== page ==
I continue to tweak the format of my newsletter with the intention of delivering a balance of quickly digestible and thoughtful information. In this newsletter, I share my thoughts on workplace flexibility followed by my recommended reads and updates about my work. Drop me a note at email@example.com to let me know what you think about this format and the newsletter overall.
Hello from the doldrums of February.
This month, while the shortest, is the pits—at least in my estimation. It's the month that marks the loss of my father. Toward the end of his life, my father needed care and attention, as many parents do at this stage. It's care and attention I and others give willingly, but it's not without its toll.
Today, at least one in five adult Americans provides care to someone else. That ratio grows smaller, according to CoHealth Checkup guest Kevin Sypniewski, when you consider that caregiving begins earlier than most of us recognize. It begins with helping to bring in patio furniture for the winter or acting as Ms. Computer Fixit—two of Kevin's examples—and progresses from there.
With more and more of us spending time, energy and money on helping parents (and let's not forget the children and pets), we are beginning to see the impact on businesses and individuals. Here are a few startling caregiving statistics:
Caregivers are less likely to be successful in making a healthy change, whether that's eating better, exercising more, or reducing stress (American Psychological Association)
I think the point's made. Caregiving is something that the majority of us will face at some point in our lives, and when we do, it can—if unsupported—wreak havoc on our health, our focus, our productivity and advancement at work, and our financial security.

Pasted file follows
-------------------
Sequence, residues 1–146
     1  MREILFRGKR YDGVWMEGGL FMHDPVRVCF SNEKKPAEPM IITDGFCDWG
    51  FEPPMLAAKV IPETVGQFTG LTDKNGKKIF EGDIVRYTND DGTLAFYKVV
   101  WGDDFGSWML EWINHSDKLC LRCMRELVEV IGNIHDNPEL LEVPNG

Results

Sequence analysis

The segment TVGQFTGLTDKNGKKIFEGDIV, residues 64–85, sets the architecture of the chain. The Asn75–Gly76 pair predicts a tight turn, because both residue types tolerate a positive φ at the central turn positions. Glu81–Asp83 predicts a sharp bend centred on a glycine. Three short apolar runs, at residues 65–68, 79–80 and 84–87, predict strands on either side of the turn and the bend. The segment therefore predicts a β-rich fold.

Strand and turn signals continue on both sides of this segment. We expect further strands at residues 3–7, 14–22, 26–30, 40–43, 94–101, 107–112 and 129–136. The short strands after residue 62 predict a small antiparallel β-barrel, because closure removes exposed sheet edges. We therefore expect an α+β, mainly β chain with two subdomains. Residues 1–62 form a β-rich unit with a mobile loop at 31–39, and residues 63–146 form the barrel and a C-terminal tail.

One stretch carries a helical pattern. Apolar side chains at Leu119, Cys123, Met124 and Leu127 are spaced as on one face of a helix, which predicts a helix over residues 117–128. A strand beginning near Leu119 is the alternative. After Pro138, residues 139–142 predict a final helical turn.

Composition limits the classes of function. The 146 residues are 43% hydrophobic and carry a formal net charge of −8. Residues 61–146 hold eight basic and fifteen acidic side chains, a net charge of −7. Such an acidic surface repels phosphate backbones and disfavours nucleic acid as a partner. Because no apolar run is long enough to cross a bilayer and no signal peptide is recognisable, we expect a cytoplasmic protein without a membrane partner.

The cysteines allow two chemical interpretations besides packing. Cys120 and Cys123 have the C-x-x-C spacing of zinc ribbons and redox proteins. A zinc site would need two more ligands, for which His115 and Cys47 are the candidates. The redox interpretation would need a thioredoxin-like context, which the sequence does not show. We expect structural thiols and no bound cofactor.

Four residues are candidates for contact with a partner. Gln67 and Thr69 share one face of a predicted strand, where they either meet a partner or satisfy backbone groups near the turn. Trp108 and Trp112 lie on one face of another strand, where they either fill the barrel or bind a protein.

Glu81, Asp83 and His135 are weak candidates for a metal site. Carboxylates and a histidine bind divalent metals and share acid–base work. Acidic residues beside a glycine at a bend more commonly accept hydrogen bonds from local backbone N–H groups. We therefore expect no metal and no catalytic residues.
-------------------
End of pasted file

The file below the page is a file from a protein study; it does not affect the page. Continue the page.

Today, employers' support is inconsistent at best. The 2012 National Study of Employers suggests growing acceptance for workplace flexibility. More workplaces are offering flextime and telecommuting and allowing individuals greater control over their schedules. The gaps appear with paid time off and elder care. (Though those gaps exist elsewhere. For example, fewer companies allow for changes in job status—say a shift from part-time to full-time and back again—than flextime and situational scheduling changes.) According to the Society for Human Resource Management (SHRM) 2012 Employee Benefits Study, companies are less likely to offer paid time off for family leave, paternity leave, sabbatical or emergency flexibility. And it's the odd company that offers access to backup elder care services, on-site elder care fairs or even elder care referral services.
It's time for employers to come to grips with their misplaced assumptions about workplace flexibility. With the percentage of adult children providing some type of caregiving assistance to a parent tripling over the past 15 years, effectively dealing with workplace flexibility and caregiving support is the next frontier in our collective conversation about employee health and well-being.